Victory Through Airpower: A Realistic Perspective of Ace Combat 7: Skies Unknown
Updated: Jun 17
An opinion piece from the perspective of a decades long fan of the Ace Combat series, aviation simulators and flight action games in general. At one time, TJ "Millie" Archer was an administrator of an English Ace Combat database, but chose to step away from the online community to pursue a new path in life. The release of Ace Combat 7: Skies Unknown and the subsequent reception of it inspired him to write an article to present his evaluation of the value of AC7 in a down to earth perspective.
Ace Combat 7 is a mess. A disjointed story, a myriad of “gimmick” missions and mechanics, cheesy dialogue, and amped difficulty rooted in game-breaking AI and missile spam. Bias reeks in this statement, but even the most casual follower of the series can’t help but see these same critiques parroted throughout the little corners of the internet the community calls home.
And who am I to disagree? I’ve levied the same criticisms and am just as vocal about it. I oft feel like a foreigner in my own nation when I hear defenses being levied for the game, and the series, that was used sparsely if at all in context of discussion 15 years ago. “The game is just an anime, and it’s always been that way,” seems to be an appealing fallback. But the vocal critics like myself will argue until we’re dark blue the fallacy presented to us. And we’ll continue doing so because we’re old like that. Some of us might be crotchety old cooks at this point, pining for a series that left us behind.
Two camps seem to be at odds here, two sides of the same coin, looking similar, but never seeing face-to-face. These skies have been shattered for some time, and with real-world decoys tossed into the mix to distract us in the past such as Ace Combat: Assault Horizon and Ace Combat X2: Joint Assault, I don’t think we realized how the tone, function, and feel of the core game had shifted its appeal since 2004. And it’s with the whining of wildly fluctuating game dialogue, harsh mission design, incoherent story structure, and FPS mechanics with a dose of schizophrenic world-building we can’t seem to break through the fog and realize that we’ve made a safe return home. Ace Combat 7 is a triumph. Not just for Ace Combat mind you, but for video games in the modern age, the dedication and love with which it was developed should not go unsung.
Kazutoki Kono’s personal Iliad on Twitter chronicling the fiery hell this game was developed in should serve as a lesson to armchair aces and video gamers alike. The game is like a gorgeous time capsule of an era long past, and to get it to shelves required a barrage of willpower, dedication, and grit that can only be admired. Stand back and look at this game for what it is. Take in not just the gorgeous scenery, but the fine detail that proves those working on this game love aviation and fighter aircraft almost as much as the engineers, designers, mechanics, and pilots that work with them every day around the globe. And then shift your perspective and feel the creativity—not just the references to obscure Ace Combat lore, but the subtle expansion of the universe. The liberal addition of energy weapons on legacy aircraft--nearly unacknowledged within the game itself--as though it were perfectly normal, harkens back to a pre-millennial era where we were made to accept bizarre and unexplained phenomena in video games as though it were a walk in the park—and we just went with it because it was cool! Can the F-15C support laser weaponry? Who cares? It’s awesome!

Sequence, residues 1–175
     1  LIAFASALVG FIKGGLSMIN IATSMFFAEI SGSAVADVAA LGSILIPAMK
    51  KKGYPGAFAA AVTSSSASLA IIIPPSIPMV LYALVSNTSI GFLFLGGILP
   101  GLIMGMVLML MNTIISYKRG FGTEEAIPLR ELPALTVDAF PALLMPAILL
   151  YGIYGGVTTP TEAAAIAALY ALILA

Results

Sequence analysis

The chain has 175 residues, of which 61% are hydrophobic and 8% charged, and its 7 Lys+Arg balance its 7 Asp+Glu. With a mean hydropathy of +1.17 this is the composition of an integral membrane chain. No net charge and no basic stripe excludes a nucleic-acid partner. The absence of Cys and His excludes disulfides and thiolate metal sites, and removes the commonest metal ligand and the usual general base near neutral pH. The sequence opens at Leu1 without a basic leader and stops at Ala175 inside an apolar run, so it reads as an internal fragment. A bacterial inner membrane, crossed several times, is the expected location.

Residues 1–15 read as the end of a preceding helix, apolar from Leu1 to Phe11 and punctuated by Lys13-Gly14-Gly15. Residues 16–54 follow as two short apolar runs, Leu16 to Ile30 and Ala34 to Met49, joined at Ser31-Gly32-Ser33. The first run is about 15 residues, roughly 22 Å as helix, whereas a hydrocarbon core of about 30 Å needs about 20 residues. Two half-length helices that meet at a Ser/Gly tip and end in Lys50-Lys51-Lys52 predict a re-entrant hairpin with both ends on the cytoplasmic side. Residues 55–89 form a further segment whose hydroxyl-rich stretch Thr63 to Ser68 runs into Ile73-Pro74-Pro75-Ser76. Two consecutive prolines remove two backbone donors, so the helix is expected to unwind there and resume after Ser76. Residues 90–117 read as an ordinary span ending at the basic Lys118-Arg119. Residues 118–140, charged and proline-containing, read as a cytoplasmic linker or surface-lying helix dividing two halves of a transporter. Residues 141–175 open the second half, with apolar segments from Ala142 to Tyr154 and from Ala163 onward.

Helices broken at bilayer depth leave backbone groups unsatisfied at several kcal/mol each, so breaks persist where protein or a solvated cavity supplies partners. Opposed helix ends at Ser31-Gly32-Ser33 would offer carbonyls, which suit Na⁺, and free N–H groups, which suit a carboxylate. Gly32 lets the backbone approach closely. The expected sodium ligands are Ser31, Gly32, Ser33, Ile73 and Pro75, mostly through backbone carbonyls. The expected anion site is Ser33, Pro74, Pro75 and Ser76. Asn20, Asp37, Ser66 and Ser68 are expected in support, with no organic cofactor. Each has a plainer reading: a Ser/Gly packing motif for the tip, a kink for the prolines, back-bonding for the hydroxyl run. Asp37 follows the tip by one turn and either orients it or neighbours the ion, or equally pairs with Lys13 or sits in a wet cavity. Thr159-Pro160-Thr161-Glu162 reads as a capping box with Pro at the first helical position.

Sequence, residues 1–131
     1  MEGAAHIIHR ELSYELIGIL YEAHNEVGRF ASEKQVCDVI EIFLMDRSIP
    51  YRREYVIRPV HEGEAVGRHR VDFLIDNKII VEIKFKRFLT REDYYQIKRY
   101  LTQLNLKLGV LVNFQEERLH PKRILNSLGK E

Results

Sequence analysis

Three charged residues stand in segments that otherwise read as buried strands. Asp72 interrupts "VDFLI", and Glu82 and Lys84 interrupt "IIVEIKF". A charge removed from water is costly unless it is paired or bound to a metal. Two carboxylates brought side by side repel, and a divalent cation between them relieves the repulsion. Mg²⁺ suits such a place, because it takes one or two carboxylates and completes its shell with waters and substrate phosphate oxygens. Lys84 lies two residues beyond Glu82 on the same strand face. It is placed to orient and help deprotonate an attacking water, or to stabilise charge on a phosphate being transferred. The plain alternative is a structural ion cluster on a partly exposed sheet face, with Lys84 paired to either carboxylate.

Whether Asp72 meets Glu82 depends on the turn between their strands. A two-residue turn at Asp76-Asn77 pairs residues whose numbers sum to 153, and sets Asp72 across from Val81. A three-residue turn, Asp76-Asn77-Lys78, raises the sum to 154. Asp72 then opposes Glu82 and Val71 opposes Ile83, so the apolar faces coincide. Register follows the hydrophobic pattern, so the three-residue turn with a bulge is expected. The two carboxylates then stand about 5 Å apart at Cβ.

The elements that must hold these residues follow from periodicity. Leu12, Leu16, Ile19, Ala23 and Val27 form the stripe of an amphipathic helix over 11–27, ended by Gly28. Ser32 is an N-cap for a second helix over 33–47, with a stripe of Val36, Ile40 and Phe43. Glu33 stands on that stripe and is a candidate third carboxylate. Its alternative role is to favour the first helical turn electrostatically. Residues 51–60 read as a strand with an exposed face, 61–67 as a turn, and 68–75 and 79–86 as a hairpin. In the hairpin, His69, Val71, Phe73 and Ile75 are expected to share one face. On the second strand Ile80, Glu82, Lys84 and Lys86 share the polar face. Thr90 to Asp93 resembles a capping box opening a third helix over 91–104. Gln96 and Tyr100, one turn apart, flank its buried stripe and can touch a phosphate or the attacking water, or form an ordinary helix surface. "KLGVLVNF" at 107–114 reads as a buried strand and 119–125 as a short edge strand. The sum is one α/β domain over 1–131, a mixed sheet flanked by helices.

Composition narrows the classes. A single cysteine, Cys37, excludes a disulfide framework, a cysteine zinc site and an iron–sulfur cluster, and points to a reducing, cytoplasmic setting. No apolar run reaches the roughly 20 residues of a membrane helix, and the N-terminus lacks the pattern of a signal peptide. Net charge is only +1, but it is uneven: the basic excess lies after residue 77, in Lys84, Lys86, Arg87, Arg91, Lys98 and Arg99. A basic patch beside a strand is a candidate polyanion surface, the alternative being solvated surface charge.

And despite it, there is the utmost respect taken to the aircraft themselves. Down to minute details as the proper orientation of all-moving canards in a turn or the dials in the cockpits delivering accurate readings. This demonstrates that the designers, programmers, and modelers are more than willing to refine their knowledge of real-world aircraft and make their control accessible to those who just want the action of the fight without the management of reality. Despite the obvious fantasy of the flight, it is so wonderfully, strangely real in how it presents itself to the player. This is not something that we have been able to take for granted in recent years. In how often we’ve lost control of our aircraft--whether through on-rails mechanics, limited processing power, or simply not being able to pay-to-play, there’s real justification in wondering if we were going to be taken for a ride at any time. But we never were—ever. We are back in the cockpit in an admirably crafted virtual recreation. The linear design of the game feels like an old friend, and its simplicity has been sorely missed. This is not something sought after in game design today with open-world addiction and player-on-player connectivity, but it is a classic formula that fits the game like a glove. In a game like Ace Combat, where winning the war is the goal, a guided strategy with defined start and endpoints enhances the glamour of being a fighter pilot, where tactical prowess is your forte. And let’s not forget—it almost seems like a miracle to see a game completed once its gone gold. Day-one patches are the norm, and we’ve reluctantly succumbed to this reality. It seems that Project Aces missed the memo. Did you notice it? No patches, no hotfixes on day one—a working game out of the box. Sometimes the old ways are truly better. Is it perfect? No. God no. But it’s exactly what we needed, all of us. It’s a reminder of what brought many of us into games in the first place. It’s both defiant and traditional in the face of expectations. Ace Combat 7 succeeds in developing a video game that matches those of the golden age. Before pay-to-win—before pointless grinding—before forced open-world--before the day-one patch. Dare I say; it hearkens to a time when video games were simple and fun. The age of the internet is here—information is accessible, experiences are plenty. We’ll always find time to nitpick about the smallest or largest detail that keeps us up at night. But let’s not let that detract from what’s actually in front of us: A sleek machine of supersonic success.